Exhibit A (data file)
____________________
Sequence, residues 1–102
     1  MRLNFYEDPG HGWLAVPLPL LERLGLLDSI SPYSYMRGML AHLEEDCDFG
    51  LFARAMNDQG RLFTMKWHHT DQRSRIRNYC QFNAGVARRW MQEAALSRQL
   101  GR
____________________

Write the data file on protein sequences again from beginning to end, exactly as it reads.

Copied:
Sequence, residues 1–102
     1  MRLNFYEDPG HGWLAVPLPL LERLGLLDSI SPYSYMRGML AHLEEDCDFG
    51  LFARAMNDQG RLFTMKWHHT DQRSRIRNYC QFNAGVARRW MQEAALSRQL
   101  GR